What happens if you do not answer the phone when a million dollar margin call comes in?
Last week, this frightening possibility almost became a reality in Solend, which is the second largest distributed financial colony (DeFi) in Solana. One of its largest clients, a wallet with $ 107 million in USDC borrowed against $ 170 million in SOL collateral, was completely missing and was on the verge of bankruptcy.
Developers used Reddit posts, chain messages and even Twitter jokes to try to alert the anonymous account that it was about to close. To stop a catastrophic bankruptcy of a chain that, according to project leaders, could bring down Solend and even Solana, the whale account had to either pledge more or reduce its stake.
The race to save Solend turned into a fight over who was in power and how things were run, leading to allegations of hypocrisy against DeFi on Crypto Twitter and elsewhere.
Binance, a giant in the CeFi market, finally woke up the whale, said Rooter, co-founder of Solend, who spoke to CoinDesk. The largest cryptocurrency exchange in the world sent a message to the account on behalf of Rooter.
Photos sent to CoinDesk show that the user wrote to Rooter on June 21, saying, “I’m sorry this problem made the Solana community and the team nervous.” “The current plan to govern the country has not angered anyone.
Administration Approves DeFi Protocol Solend Votes to Reverse “Emergency Power”
When the whale contacted and began transferring its Solend bets to other Solana DeFi outlets such as Mango Markets, the worst of the crisis was resolved without any bankruptcy proceedings. Even though there has been a lot of short-term Schadenfreude, the price of SOL has risen enough to calm the situation.
Unstable cryptocurrencies shook DeFi protocol of all kinds, which caused Solend’s liquidation to fail. This meant that alleged decentralized management agencies had to make difficult decisions that would affect users’ protocols for a long time.
It can make the drink messy. In “decentralized finance”, clever contractual rules that cannot be changed by bias, such as when a banker rejects a loan for a minority group, are meant to be the country’s unchangeable law.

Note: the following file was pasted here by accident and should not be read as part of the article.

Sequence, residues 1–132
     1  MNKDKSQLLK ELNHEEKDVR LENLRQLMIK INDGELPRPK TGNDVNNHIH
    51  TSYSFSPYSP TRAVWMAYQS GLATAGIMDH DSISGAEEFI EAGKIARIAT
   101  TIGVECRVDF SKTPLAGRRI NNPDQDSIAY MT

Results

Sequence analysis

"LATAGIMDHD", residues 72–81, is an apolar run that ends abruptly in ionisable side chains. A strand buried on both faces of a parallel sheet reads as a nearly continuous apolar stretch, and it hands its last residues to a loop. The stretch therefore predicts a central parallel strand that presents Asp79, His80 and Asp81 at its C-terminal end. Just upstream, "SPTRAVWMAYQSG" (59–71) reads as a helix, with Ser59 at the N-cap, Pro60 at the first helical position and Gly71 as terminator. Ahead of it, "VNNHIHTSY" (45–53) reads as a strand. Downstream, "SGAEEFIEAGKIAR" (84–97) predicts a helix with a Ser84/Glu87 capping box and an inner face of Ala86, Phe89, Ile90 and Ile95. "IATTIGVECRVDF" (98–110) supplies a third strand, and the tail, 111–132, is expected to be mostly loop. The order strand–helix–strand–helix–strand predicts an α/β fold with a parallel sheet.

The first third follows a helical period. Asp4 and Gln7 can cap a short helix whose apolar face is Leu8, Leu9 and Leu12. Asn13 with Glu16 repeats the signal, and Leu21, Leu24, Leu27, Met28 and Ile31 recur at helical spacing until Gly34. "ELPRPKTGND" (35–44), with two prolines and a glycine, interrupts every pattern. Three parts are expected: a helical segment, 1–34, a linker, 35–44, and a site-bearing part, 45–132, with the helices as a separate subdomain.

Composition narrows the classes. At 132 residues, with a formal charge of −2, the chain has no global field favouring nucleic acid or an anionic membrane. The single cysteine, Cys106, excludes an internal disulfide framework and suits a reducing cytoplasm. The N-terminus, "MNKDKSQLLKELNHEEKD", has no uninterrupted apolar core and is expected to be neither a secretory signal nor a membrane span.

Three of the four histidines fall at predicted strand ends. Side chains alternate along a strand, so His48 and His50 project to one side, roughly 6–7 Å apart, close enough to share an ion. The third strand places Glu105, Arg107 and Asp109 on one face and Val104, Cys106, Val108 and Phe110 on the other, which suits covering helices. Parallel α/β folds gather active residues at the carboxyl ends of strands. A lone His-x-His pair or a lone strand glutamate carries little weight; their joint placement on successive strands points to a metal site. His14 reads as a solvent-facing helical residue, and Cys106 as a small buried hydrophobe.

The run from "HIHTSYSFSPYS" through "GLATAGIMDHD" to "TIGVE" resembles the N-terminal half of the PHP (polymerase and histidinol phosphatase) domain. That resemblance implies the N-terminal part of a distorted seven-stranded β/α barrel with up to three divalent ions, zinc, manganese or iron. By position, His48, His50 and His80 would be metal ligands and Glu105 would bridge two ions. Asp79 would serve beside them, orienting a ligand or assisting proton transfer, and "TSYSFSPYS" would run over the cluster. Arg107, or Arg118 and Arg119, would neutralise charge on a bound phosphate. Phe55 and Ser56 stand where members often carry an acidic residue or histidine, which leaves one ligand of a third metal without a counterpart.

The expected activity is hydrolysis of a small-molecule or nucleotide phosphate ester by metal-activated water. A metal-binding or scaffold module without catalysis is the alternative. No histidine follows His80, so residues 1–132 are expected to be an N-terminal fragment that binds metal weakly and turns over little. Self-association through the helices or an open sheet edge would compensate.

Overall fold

Of course, real life is not that simple.
Solend was in a difficult position because its ethics did not limit the size of the borrower. As a result, one whale was responsible for most of the USDC Solends and SOL mortgages. If the price of SOL fell too low, there was a chance that the mortgage would have to be sold.
When users ‘insurance becomes too low, Solends’ smart contracts automatically send the winding-up order to DEX. They have been installed in every way. They do not think carefully about whether a deal will cause markets or, worse, the whole chain to fall.
not a day
Even though SOL trades for billions of dollars every day, most of it takes place on central exchanges instead of DEX, DeFi’s cousin, Solend, being much less busy. Because DEXs do not have enough cash on hand to deal with the whale dump, the price of SOL would fall (by up to 60% or 80%) until buyers judged it again.
Rooter said this was a problem in itself: “There is such a high probability of artistic judgment and bankruptcy that robots would soar immediately. In the past, doing something like this, took down the entire Solana blockchain.
Solend made sure he went through the most pain. Bad debts, smaller bank accounts and dissatisfied users would be the consequences. Rooter said that if the smart deals worked as planned, “it’s pretty much done for us and our users would lose a lot of money.
Thinking back on the expansion plan, he said: “We have to do something now.
In traditional finance, bankers can deal with a similar problem by calling a “margin” to a customer to explain the risk and the need for more collateral to secure loans. They know who their counterparties are and they can reach the borrower by phone or email. This is not the case with the pseudonym DeFi (although a handful of start-ups are working on messaging solutions between wallets, which Solend did not use).
Since they could not speak quietly, Rooter posted a message on Twitter to get the whale’s attention. People were scared, so they took a lot of money from Solend, just like they would in a bank robbery. Rooter admits that tweeting did not work.
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